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World & National

Trump declares himself 'presumptive nominee' after Northeast sweep
            Donald Trump waves to supporters after speaking at a primary night event Tuesday in New York. (Associated Press)

Donald Trump steamrolled the GOP field and swept all five Northeast primaries Tuesday night, putting even more distance between himself and his competitors for the party’s presidential nomination as he tries to win enough delegates to avoid a divisive convention fight.

Networks called races in Maryland, Pennsylvania and Connecticut just after polls closed, citing exit polling that showed Mr. Trump with insurmountable leads among primary voters. Networks also called Rhode Island and Delaware for Mr. Trump around 8:30, citing early returns.

Gingrich tells GOP establishment: 'Get over it'

Former House Speaker Newt Gingrich says that Donald Trump's five big wins Tuesday night mean the only thing left for establishment Republicans to do is to "get over it" and accept that Trump will be the GOP nominee.

"You see the momentum building here," Gingrich said on Fox News Tuesday night. "I think it'd be very, very hard, virtually impossible, to stop him from winning the nomination at this point."

Adm. McRaven decries Senate's meddling with Navy SEALs
Alleges fellow sailor was punished for hostility to whistelblowers

The nation’s former top special operations officer has taken on the leadership of the Senate Armed Services Committee in defense of a fellow Navy SEAL.

Retired Adm. William McRaven, who headed U.S. Special Operations Command, penned a biting op-ed this week in The Tampa Tribune. Though he mentioned no politician by name, his target was clearly Senate Armed Services Committee Chairman John McCain, Arizona Republican and an ex-Navy fighter pilot, and Sen. Jack Reed of Rhode Island, the panel’s top Democrat and a West Point graduate.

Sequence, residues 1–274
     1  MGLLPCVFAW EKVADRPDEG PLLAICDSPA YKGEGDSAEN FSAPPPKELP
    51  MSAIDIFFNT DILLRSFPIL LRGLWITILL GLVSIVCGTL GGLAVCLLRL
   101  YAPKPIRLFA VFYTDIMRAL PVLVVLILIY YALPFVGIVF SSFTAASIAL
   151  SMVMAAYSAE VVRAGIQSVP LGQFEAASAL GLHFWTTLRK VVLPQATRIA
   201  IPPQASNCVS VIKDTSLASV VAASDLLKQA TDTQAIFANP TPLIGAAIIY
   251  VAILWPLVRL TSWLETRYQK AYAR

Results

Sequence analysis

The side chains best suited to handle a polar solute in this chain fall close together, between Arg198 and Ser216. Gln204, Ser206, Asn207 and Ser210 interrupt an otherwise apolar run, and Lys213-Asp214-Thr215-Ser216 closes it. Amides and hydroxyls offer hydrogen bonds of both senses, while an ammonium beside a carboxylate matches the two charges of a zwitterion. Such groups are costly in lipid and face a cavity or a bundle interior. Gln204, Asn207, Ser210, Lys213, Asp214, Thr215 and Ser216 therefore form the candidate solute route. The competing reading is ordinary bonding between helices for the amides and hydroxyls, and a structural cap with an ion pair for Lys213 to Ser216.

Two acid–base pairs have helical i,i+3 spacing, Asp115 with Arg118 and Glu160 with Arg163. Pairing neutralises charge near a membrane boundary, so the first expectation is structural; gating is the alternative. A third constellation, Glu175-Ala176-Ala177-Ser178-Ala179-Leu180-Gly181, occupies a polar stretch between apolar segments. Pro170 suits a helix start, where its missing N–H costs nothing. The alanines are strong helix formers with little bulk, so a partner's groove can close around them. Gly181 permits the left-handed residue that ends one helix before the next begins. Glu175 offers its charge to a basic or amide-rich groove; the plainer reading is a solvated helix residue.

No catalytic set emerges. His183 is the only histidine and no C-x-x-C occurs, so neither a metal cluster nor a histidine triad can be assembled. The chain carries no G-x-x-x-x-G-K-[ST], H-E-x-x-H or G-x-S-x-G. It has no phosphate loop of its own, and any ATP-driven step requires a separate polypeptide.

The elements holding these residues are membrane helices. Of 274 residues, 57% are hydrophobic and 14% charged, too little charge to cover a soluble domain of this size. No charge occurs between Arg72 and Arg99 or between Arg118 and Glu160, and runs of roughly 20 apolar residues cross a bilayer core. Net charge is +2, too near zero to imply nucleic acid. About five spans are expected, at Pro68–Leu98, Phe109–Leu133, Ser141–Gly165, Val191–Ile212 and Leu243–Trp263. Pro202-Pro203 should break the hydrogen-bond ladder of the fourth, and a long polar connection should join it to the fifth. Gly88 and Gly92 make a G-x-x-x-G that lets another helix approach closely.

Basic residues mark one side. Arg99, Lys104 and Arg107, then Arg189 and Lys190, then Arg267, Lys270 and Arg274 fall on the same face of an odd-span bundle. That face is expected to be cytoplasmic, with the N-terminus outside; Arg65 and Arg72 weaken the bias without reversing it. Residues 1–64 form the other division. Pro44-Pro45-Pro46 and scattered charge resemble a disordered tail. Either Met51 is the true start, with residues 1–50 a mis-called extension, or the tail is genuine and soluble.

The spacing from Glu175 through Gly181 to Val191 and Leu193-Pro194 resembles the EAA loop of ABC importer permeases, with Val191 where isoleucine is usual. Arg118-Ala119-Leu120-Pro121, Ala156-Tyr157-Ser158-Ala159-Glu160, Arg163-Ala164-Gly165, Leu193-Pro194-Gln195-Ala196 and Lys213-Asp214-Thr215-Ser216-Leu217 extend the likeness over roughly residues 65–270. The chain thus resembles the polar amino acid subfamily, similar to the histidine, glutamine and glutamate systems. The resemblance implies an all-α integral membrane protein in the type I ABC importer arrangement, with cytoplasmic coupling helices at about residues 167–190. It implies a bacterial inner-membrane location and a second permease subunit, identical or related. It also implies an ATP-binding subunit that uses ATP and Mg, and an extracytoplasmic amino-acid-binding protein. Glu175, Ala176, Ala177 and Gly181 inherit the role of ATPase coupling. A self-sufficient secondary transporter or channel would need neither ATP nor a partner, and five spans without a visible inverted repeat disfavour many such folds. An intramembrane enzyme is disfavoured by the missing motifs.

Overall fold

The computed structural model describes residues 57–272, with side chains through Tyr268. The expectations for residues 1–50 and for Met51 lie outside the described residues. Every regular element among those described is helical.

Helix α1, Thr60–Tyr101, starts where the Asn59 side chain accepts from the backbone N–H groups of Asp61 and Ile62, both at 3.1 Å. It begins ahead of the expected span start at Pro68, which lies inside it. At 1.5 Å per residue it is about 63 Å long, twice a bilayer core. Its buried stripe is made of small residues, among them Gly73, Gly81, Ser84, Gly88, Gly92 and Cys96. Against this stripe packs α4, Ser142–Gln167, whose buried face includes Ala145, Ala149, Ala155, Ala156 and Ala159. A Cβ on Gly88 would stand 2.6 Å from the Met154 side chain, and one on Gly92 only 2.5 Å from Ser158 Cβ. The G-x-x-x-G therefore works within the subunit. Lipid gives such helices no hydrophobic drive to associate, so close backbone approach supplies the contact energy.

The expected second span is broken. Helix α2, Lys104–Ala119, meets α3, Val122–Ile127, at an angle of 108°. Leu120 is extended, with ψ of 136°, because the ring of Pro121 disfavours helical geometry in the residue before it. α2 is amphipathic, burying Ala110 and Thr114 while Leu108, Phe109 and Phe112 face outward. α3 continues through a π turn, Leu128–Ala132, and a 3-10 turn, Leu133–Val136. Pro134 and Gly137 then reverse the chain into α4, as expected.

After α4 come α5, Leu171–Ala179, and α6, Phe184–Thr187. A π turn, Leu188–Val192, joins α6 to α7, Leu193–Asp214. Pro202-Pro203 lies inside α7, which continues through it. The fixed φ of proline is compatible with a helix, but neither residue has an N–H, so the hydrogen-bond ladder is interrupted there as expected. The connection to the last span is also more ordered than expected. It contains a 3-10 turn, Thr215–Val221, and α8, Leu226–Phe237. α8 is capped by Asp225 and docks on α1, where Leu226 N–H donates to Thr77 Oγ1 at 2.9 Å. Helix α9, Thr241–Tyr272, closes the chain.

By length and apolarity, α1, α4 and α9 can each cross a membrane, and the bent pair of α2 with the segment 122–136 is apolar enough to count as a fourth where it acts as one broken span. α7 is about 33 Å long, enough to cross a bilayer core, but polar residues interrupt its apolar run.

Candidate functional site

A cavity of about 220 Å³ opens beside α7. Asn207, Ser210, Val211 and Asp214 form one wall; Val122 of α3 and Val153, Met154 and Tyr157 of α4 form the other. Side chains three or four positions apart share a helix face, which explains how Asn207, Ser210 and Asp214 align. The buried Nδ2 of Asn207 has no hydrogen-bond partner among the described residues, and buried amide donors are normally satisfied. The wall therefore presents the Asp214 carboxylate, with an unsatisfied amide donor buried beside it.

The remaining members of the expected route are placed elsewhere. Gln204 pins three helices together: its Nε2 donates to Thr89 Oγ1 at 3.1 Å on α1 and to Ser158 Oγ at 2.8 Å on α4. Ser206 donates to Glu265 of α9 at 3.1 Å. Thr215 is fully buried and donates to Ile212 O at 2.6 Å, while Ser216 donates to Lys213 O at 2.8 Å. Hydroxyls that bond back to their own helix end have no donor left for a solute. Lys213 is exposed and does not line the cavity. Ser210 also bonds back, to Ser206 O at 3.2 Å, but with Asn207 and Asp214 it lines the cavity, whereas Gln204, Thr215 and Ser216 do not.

They worked in tandem to stop the promotion of Adm. McRaven’s battle mate, Rear Adm. Brian Losey, currently the top SEAL as commander of Naval Special Warfare Command in San Diego.

Obama administration fails to screen Syrian refugees' social media accounts
     Refugees from Syria, Afghanistan and Iraq have fled to Europe in search of asylum. President Obama wants the U.S. to take in 10,000 Syrian refugees this fiscal year, but officials are not screening all social media accounts. (Associated Press)

The Obama administration isn’t vetting the social media profiles of all Syrian refugees despite promises made last year after the San Bernardino terrorist attack, which exposed holes in the U.S. immigration screening process.

Concerns over refugee screening spurred Kansas Gov. Sam Brownback, a Republican, on Tuesday to cancel his state’s cooperation with federal authorities trying to resettle Syrians.

White House slams proposal to downsize national security council

The White House hit back Tuesday at a House Republican proposal to limit the size of the White House national security council to gain leverage in disputes with the president over military policy.

White House press secretary Josh Earnest said the suggestion floated by House Armed Services Chairman Mac Thornberry, Texas Republican, is hypocritical. He said Congress “doesn’t seem like they’re at all prepared to pass a budget for our military this year” and has refused for two years to consider an authorization of military force against the Islamic State terrorist group.

Ex-Speaker Hastert to find out if he will face prison

Former speaker Dennis Hastert will learn on Wednesday whether his stunning fall from grace will also include prison time for bank fraud that he committed as part of an effort to cover up an accusation of sexually abusing a 14-year-old boy.

Hastert, who was the longest serving GOP speaker in history, pleaded guilty in October to one count of making illegally structured withdrawals to avoid triggering banking laws that would have required his banks to report the transactions.

Prosecutors have asked U.S. District Judge Thomas Durkin to sentence Hastert to up to six months in federal prison for the charge.

How 2016 Democratic race compares to 2008

Bernie Sanders insists he will stay in the presidential race, in spite of the odds against him. He wants to stick around long enough to have an impact on the party's platform.

The 2016 Democratic primary race is echoing 2008, when Clinton was the Democrat who wouldn't drop out. Many Clinton supporters at this point eight years ago also said they couldn't image getting behind her opponent, then Senator Barack Obama, and there were real concerns about party unity then, too.

But what happened next created a template Democrats could follow this time, even though there are some roadblocks that didn't exist in 2008, reports CBS News correspondent Nancy Cordes.

Brexit Shadow Hides Deeper Cracks in U.K. Economic Firmament

Britain’s vote on its future in the European Union is diverting attention from deeper economic problems.